17th October 2016

I have had a hugely enjoyable morning viewing a 16mm combined optical print on a 4 plate Steenbeck flat bed. The substance of what I watched must wait for a future post, since here I want simply to celebrate the pleasure provided by the wonderful Steenbeck. A time there was when these editing tables were ubiquitous, and of course I recognise that my jouissance came with a a double shot of nostalgia. Such, however, is the age profile of those making television today, that I wager the majority of people in production now have no sense whatever of what I’m talking about. Certainly most of them will not have had the satisfactions of lacing up a print, locking sprocket holes onto the triangular teeth, hearing the nylon rollers click crisply into place, and easing the speed controller into ‘forward’ so as to prompt the hum of the spinning prism and, finally, to see a sequence of tiny still images spring into life. read more »

Sunday links

16th October 2016

My weekly offering of links to articles and videos that I have found interesting or stimulating over the past seven days. The US election continues to prompt much exceptional written journalism, and I lead with several pieces related to this. Thanks, as always, to those who have pointed me towards some of them, via Twitter and in other ways, and apologies for the absence of appropriate name-checks.

How the haters and losers lost: McKay Coppins for Buzzfeed on the desire for revenge that drove The Donald.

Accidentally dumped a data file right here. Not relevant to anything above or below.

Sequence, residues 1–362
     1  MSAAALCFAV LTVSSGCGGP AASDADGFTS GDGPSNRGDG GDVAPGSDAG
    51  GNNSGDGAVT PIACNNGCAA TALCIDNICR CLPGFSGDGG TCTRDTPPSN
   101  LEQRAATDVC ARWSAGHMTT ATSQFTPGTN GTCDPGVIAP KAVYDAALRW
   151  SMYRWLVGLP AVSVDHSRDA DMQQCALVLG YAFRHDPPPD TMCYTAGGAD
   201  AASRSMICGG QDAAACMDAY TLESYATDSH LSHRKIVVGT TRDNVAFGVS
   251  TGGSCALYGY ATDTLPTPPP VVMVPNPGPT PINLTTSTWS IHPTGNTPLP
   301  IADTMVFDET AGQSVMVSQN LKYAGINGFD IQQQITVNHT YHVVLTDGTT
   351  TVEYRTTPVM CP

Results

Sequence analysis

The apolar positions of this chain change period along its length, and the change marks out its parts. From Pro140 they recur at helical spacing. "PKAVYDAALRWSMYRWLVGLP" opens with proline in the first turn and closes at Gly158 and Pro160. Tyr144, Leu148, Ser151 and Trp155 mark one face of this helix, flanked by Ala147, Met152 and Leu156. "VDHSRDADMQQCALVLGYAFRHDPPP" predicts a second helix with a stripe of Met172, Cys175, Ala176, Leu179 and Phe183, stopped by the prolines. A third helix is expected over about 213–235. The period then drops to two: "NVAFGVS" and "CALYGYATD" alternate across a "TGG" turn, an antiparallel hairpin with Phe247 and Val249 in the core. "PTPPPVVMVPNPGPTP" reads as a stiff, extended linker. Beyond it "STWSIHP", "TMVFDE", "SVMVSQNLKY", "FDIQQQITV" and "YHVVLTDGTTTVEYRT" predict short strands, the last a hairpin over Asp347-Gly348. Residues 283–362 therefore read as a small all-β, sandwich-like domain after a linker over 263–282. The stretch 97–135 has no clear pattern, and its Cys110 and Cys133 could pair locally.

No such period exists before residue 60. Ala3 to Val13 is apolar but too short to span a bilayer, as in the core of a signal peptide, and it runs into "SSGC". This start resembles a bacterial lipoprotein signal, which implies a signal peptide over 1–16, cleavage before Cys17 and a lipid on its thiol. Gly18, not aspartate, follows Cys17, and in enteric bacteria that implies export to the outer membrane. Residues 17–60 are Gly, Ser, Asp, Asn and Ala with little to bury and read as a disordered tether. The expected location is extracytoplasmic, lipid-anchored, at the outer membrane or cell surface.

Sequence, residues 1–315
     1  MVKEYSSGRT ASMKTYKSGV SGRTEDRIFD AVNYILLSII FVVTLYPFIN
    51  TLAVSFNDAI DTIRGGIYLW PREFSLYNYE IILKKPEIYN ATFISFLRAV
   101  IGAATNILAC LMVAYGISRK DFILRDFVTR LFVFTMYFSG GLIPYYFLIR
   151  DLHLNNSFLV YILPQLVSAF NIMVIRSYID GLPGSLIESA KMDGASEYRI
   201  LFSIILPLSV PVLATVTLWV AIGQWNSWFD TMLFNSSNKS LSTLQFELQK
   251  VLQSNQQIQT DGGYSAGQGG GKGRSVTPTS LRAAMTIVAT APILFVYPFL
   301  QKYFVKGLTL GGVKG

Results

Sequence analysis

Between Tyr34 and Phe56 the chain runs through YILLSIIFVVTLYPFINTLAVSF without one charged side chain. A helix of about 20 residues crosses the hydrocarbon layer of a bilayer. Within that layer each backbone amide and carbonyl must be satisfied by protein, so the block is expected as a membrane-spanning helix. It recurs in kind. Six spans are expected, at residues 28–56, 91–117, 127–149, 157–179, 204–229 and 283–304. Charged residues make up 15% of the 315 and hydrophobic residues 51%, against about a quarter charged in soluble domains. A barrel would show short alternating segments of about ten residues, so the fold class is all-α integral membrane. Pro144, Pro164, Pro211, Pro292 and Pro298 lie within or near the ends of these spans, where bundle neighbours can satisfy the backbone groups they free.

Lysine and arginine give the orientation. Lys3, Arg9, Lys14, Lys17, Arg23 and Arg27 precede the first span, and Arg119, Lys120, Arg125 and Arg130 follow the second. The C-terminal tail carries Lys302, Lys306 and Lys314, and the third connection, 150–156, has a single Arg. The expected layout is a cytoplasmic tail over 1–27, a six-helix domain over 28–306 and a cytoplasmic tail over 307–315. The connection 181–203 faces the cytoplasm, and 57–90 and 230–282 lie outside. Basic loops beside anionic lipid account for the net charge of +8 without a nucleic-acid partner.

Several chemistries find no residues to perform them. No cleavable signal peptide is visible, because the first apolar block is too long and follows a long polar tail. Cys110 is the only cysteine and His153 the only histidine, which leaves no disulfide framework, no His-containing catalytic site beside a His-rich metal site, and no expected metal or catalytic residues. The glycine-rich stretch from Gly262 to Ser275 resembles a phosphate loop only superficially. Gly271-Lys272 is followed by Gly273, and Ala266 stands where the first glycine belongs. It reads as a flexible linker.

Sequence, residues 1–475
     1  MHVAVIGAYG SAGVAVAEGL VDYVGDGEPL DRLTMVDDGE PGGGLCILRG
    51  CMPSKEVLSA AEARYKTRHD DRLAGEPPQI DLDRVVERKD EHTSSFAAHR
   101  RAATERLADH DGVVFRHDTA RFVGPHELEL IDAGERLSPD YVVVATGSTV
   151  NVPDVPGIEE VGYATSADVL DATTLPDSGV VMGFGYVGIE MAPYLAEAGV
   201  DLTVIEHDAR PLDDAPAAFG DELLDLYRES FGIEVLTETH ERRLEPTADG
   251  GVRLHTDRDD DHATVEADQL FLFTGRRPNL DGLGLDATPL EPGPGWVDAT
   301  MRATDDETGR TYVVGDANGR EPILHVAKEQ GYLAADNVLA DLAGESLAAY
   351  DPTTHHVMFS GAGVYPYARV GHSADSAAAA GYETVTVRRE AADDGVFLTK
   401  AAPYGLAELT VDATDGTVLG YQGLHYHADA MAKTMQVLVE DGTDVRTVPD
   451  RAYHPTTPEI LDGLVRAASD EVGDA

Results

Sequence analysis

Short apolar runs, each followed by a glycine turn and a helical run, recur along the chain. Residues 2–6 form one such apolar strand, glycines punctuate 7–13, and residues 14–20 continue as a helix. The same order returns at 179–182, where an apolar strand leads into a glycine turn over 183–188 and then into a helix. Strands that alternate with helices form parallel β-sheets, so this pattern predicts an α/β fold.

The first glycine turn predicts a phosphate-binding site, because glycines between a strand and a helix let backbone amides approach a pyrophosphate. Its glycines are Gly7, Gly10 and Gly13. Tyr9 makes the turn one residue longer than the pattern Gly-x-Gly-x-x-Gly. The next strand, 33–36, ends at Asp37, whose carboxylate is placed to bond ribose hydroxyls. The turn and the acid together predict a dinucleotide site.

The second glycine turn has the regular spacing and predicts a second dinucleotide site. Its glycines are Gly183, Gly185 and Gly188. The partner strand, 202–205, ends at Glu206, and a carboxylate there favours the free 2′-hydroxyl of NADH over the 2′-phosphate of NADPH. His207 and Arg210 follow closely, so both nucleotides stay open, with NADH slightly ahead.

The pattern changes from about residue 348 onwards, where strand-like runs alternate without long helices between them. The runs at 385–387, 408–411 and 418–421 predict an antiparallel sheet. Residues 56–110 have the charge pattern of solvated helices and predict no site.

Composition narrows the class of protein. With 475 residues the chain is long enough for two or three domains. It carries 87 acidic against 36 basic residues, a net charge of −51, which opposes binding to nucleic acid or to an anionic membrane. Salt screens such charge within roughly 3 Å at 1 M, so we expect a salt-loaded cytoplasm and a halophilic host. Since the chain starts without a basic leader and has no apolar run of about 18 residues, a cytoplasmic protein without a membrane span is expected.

Us vs Them – the birth of populism: John B Judis offers essential historical context via the Guardian.

How Trump took hate groups mainstream: very fine Mother Jones journalism by Sarah Posner and David Neivert about the candidate’s connection with far-right extremists.

What the Trump tapes can teach us about TV archives: an important piece, with some great links, by Melanie Kramer for Poynter.

7 photos that capture the absurdity of this election season: in a terrific piece of visual analysis for Columbia Journalism Review, Michael Shaw writes on a clutch of key images:

These photos expose the artifice and the political veneer, holding up the process and candidates to an unprecedented level of inspection, critique, and in some cases, a reciprocal dose of hostility. Here are seven photos that, if not for the unusual tone and atmosphere of this campaign, may not have been published.

• What happens if Trump supporters believe his ‘rigged election’ hype?: Chas Danner asks the urgent question at New York magazine.

read more »

‘The Informer’ restored

15th October 2016

To BFI Southbank for the London Film Festival’s Archive Gala screening of The Informer. Produced in 1929 during the transitional period when the industry was changing from silent film to sound, this intense tale of love, friendship and betrayal was made both with crude dialogue and – with subtly different shots – without. But as BFI curator Bryony Dixon demonstrated with extracts beforehand, the sound recording at the time was crude and the accents of a European cast uncertain. Nor, as this triumphant screening with a newly commissioned score demonstrated, does the film really require speech. A few inter-titles help the story along but The Informer is supremely and gorgeously visual – as well as being a rattling good yarn. read more »

Television’s first King Lear

12th October 2016

Tonight RSC Live from Stratford-upon-Avon broadcasts Gregory Doran’s production of King Lear with Antony Sher in the title role. If we can achieve something of what we got in the second camera rehearsal yesterday, then I think it will be very special – go here to find cinemas near you that are screening it.